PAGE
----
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Founding faith : the birth of religious freedom in America

The culture wars have distorted the dramatic story of how Americans came to worship freely. Many activists on the right maintain that the United States was founded as a "Christian nation." Many on the left contend that the Founders were secular or Deist and that the First Amendment was designed to boldly separate church and state throughout the land. None of these claims are true, argues Beliefnet.com editor in chief Steven Waldman. With refreshing objectivity, Waldman narrates the real story of how our nation's Founders forged a new approach to religious liberty, a revolutionary formula that promoted faith ... by leaving it alone. This fast-paced narrative begins with earlier settlers' stunningly unsuccessful efforts to create a Christian paradise, and concludes with the presidencies of Washington, Adams, Jefferson, and Madison, during which the men who had devised lofty principles regarding the proper relationship between church and state struggled to practice what they'd preached. We see how religion helped cause, and fuel, the Revolutionary War, and how the surprising alliance between Enlightenment philosophers such as Jefferson and Madison and evangelical Christians resulted in separation of church and state. As the drama unfolds, Founding Faith vividly describes the religious development of five Founders. Benjamin Franklin melded the morality-focused Puritan theology of his youth and the reason-based Enlightenment philosophy of his adulthood. John Adams's pungent views on religion'hatred of the Church of England and Roman Catholics'stoked his revolutionary fervor and shaped his political strategy. George Washington came to view religious tolerance as a military necessity. Thomas Jefferson pursued a dramatic quest to "rescue" Jesus, in part by editing the Bible. Finally, it was James Madison'the tactical leader of the battle for religious freedom'who crafted an integrated vision of how to prevent tyranny while encouraging religious vibrancy. The spiritual custody battle over the Founding Fathers and the role of religion in America continues today. Waldman provocatively argues that neither side in the culture war has accurately depicted the true origins of the First Amendment. He sets the record straight, revealing the real history of religious freedom to be dramatic, unexpected, paradoxical, and inspiring. An interactive library of the key writings by the Founding Father, on separation of church and state, personal faith, and religious liberty can be found at www.beliefnet.com/foundingfaith.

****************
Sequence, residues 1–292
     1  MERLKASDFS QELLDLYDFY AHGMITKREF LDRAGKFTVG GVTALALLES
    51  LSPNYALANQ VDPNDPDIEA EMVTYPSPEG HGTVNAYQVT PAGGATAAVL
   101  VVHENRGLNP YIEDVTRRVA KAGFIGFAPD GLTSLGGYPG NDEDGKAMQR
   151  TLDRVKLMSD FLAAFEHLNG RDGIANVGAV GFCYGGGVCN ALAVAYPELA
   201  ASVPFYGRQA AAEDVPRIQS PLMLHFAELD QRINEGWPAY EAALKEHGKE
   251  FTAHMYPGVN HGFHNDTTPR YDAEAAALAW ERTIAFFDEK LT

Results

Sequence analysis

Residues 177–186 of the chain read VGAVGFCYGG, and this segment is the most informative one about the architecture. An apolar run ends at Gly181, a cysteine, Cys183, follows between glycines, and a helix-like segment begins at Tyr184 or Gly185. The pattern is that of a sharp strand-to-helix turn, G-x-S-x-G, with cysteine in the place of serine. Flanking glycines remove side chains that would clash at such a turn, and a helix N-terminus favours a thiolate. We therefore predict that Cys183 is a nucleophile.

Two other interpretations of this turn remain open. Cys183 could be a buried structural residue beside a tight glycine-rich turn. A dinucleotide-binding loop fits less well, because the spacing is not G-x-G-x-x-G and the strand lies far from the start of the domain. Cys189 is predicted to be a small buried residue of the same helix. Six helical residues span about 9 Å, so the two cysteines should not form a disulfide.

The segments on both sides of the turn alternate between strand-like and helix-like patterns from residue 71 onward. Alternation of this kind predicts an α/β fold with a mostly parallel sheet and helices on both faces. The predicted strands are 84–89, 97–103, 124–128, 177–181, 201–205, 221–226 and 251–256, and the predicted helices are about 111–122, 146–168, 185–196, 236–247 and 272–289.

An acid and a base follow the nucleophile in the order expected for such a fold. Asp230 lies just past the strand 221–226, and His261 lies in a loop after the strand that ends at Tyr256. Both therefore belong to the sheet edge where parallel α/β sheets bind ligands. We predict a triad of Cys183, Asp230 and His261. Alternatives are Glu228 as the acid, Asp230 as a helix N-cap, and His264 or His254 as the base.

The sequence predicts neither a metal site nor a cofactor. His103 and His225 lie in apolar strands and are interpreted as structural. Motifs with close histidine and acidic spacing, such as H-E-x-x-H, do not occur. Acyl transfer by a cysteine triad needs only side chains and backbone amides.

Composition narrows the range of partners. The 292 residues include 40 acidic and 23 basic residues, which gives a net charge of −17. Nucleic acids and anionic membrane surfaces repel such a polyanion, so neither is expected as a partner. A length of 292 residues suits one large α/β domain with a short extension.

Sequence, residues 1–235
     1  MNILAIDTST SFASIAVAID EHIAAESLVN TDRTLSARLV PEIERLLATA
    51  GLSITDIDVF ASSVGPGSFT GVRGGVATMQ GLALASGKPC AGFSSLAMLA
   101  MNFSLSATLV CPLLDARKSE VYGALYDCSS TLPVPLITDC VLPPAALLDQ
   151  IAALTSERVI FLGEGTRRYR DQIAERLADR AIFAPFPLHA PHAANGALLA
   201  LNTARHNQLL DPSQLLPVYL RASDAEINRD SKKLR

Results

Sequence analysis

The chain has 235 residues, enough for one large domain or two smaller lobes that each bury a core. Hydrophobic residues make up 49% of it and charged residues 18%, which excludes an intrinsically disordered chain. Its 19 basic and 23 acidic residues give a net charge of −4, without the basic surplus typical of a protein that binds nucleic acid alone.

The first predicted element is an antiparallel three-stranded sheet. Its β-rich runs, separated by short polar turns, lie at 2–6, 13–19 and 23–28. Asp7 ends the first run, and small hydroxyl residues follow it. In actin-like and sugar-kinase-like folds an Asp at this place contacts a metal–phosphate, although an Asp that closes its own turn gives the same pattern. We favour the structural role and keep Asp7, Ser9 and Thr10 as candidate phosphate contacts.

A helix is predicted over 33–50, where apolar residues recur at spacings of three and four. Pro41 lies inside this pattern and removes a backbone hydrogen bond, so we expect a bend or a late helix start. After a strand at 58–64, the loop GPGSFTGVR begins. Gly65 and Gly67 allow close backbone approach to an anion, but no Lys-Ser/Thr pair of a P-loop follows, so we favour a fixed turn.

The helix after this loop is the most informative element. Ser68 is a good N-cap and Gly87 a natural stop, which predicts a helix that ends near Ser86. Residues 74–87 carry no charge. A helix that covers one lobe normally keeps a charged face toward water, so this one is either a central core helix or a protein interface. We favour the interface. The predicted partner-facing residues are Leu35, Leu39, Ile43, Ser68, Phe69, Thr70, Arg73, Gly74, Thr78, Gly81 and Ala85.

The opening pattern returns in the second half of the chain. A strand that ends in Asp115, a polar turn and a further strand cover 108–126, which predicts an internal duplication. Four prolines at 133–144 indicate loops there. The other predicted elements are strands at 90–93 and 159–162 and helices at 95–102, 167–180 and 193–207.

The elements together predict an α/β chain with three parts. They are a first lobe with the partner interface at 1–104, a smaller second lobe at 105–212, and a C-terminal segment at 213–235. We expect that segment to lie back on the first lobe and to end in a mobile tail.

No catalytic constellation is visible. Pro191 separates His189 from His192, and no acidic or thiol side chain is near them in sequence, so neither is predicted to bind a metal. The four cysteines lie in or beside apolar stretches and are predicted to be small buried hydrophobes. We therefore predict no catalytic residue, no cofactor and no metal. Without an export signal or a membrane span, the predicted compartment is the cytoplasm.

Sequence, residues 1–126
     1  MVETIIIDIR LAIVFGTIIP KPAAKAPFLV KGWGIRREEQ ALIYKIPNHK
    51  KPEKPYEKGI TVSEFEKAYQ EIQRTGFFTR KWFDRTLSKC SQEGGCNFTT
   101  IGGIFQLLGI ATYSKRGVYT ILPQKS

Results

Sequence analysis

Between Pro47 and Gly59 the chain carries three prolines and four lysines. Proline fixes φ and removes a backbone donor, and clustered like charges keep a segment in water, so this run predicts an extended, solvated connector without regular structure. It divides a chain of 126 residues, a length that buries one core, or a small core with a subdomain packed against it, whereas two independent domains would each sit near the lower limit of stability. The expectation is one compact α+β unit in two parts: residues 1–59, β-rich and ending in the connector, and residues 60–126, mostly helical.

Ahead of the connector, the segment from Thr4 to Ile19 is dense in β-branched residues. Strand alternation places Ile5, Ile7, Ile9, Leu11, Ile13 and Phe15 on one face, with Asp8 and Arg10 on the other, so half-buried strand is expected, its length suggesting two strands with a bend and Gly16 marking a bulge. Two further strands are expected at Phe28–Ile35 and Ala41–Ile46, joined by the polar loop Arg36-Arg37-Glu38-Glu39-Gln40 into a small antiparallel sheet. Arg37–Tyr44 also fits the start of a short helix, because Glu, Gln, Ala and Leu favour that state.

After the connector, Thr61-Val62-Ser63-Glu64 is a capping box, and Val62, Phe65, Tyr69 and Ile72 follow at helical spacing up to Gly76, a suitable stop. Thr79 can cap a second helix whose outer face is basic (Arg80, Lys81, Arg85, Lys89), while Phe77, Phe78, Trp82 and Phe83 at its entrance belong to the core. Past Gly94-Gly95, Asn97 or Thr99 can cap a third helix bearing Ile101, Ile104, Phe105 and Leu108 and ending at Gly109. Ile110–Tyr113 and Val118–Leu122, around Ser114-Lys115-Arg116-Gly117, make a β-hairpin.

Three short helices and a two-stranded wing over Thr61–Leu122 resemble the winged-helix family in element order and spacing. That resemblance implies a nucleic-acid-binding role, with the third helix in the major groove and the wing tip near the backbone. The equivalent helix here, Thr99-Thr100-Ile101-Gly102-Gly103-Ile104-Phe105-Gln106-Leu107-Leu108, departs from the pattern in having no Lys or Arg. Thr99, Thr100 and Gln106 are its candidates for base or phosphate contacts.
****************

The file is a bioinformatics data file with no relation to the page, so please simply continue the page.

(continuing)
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  • "The culture wars have distorted the dramatic story of how Americans came to worship freely. Author Waldman, cofounder of Beliefnet.com, argues that the United States was not founded as a "Christian nation," nor were the Founding Fathers uniformly secular or Deist. Rather, the Founders forged a new approach to religious liberty, a revolutionary formula that promoted faith--by leaving it alone. His narrative begins with early settlers' stunningly unsuccessful efforts to create a Christian paradise, and concludes with the presidencies of Washington, Adams, Jefferson, and Madison, during which the men who had devised lofty principles regarding the proper relationship between church and state struggled to practice what they'd preached.--From publisher description."